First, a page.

BPA was included in Batch 2 of the Challenge under the Chemicals Management Plan carried out by Health Canada and Environment Canada. On October 18, 2008, the Government of Canada released its final assessment report, including the Government's proposed risk management strategies, to ensure that Canadian exposure to BPA is kept as low as possible, particularly for newborns and infants.
The Bureau of Chemical Safety, in the Food Directorate of Health Canada, is responsible for ensuring that chemicals are not present in foods at levels that may cause adverse health effects. The Bureau is actively engaged in addressing the following Government commitments, first announced on April 18, 2008 and reiterated on October 18, 2008, which fall under its mandate:
- To support industry in developing a "Code of Practice" to reduce levels of BPA in infant formula can linings.
- To facilitate the assessment of proposed industry alternatives to BPA for use in infant formula can coatings.
- To set migration targets for BPA in infant formula cans.
- To continue to review pre-marked submissions for infant formula packaging, to ensure the lowest levels of BPA achievable.
- To explore setting migration targets for canned foods in general.
- To gather additional occurrence data on BPA in order to fill information gaps in the current exposure assessment knowledge base.
- To facilitate the assessment of proposed industry alternatives to BPA used in can coatings.
The subsequent section provides an update on progress made to date in delivering on these commitments. Note that this list will be expanded as new information becomes available.
- Bisphenol A: Update on the Food Directorate's Risk Management Commitments for Infant Formula (December 2014)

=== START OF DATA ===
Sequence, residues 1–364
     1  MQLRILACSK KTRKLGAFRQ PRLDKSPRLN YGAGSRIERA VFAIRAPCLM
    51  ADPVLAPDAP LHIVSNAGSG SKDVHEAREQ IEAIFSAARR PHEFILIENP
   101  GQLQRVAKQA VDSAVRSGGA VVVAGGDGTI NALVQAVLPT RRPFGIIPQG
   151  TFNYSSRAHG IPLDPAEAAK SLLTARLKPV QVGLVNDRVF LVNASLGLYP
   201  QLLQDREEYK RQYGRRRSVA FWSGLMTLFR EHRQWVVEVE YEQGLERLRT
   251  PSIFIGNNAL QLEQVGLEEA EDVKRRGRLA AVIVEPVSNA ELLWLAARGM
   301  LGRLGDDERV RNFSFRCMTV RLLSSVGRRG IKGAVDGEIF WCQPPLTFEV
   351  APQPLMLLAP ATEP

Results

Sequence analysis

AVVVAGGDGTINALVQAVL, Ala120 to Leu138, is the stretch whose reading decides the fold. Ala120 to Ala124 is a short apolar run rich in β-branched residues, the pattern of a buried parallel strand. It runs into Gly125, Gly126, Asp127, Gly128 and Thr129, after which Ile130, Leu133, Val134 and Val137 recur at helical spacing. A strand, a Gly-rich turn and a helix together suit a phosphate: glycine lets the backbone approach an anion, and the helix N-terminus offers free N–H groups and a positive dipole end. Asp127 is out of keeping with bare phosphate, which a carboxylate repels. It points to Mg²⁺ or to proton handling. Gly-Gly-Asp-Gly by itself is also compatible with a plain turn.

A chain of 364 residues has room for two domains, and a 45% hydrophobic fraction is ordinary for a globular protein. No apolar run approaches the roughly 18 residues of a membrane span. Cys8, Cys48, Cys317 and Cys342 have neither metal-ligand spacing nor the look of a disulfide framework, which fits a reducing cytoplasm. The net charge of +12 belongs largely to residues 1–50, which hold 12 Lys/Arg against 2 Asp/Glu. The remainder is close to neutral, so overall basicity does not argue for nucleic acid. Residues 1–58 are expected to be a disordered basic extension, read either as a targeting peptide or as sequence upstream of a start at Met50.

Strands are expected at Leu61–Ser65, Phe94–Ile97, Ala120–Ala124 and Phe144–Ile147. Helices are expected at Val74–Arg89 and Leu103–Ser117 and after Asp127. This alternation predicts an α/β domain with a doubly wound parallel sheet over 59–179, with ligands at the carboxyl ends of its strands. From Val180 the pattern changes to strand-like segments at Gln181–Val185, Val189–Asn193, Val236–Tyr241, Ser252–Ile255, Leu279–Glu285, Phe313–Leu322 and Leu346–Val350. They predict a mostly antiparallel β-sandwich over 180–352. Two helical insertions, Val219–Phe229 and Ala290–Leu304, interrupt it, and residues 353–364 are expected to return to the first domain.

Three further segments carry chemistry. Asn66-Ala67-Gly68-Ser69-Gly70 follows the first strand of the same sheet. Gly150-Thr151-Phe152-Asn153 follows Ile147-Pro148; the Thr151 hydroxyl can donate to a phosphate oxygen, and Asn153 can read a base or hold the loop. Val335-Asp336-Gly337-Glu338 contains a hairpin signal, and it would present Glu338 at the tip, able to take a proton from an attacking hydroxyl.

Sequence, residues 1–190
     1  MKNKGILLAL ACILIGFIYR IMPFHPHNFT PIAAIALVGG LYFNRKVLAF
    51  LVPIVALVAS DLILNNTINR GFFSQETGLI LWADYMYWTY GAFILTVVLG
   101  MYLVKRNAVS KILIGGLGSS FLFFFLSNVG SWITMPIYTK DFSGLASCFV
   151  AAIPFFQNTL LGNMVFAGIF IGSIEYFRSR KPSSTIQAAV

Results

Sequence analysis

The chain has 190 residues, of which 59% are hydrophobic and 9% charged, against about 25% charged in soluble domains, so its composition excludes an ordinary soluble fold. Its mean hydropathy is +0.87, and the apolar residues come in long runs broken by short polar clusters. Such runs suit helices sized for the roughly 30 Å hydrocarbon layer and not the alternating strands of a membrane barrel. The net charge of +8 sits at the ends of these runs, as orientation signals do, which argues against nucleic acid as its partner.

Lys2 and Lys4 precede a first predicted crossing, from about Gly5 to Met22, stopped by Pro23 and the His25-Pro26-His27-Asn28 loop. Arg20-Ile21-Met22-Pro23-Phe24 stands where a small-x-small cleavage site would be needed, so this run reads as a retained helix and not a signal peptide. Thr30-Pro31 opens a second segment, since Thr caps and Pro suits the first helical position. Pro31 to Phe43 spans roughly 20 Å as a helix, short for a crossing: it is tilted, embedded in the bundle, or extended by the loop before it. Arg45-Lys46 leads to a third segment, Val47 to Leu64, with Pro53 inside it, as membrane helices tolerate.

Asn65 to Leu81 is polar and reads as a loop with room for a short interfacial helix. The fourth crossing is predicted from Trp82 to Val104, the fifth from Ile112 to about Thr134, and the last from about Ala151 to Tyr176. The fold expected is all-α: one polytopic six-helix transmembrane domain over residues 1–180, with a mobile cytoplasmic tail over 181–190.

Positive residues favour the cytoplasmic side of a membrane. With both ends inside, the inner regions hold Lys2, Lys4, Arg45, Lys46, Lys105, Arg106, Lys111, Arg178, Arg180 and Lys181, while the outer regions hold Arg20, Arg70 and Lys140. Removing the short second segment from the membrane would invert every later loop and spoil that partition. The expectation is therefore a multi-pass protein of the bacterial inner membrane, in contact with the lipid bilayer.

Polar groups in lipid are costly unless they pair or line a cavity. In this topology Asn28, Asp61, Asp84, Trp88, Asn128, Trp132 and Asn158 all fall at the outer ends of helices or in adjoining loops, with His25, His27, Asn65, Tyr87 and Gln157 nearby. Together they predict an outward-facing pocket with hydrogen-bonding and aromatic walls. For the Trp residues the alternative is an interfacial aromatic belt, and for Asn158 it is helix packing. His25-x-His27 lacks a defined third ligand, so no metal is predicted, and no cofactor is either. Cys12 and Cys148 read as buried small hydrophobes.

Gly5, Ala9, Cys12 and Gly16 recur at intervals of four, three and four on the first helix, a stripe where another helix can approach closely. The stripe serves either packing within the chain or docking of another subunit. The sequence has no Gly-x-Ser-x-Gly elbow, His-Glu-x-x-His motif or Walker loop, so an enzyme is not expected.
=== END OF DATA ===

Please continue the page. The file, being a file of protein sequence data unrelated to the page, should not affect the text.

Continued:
- Update on the Food Directorate's Risk Management Commitments for Bisphenol A as Part of Canada's Chemical Management Plan (September 2012)
- Health Canada's Updated Assessment of Bisphenol A (BPA) Exposure from Food Sources (September 2012)
- Survey of Bisphenol A in Soft Drink and Beer Products from Canadian Markets- Summary
- Survey of Bisphenol A in Canned Food Products from Canadian Markets - Summary
- Investigation of Storage Time on Potential Bisphenol A Migration into Canned Liquid Infant Formula Stored at Room Temperature - Summary (December 2009)
- Survey of Bisphenol A in Baby Foods Prepackaged in Glass Jars with Metal Lids (July 2009)
- Survey of Bisphenol A in Canned Powdered Infant Formula Products (July 2009)
- Survey of Bisphenol A in Bottled Water Products (July 2009)
- Survey of Bisphenol A in Canned Drink Products (March 2009).
- Survey of Bisphenol A in Canned Liquid Infant Formula Products (August, 2008).
- Analytical Method (LPS-004): Determination of Bisphenol A in Liquid Infant Formula.
- Health Risk Assessment of Bisphenol A from Food Packaging Applications (August, 2008)
- Towards a "Code of Practice" aimed at reducing levels of BPA in infant formula to as low as reasonably achievable.
- June 19, 2008: Report on the Health Canada / US-FDA / Industry Meeting.
- January 30, 2009: Report on the Health Canada / US-FDA / and Industry BPA Value Chain Meeting.
- November 17, 2009: Health Canada is Working With the Food Industry to Develop a Practice to Minimize the Occurrence of Bisphenol A in Infant Formula.
- Research Plans
- Summary of current priorities in research aimed at gathering occurrence data on BPA, in general, to ensure the most accurate exposure estimates are used to maintain up-to-date health risk assessments necessary to support measures aimed at keeping Canadian exposure to BPA from food sources as low as possible.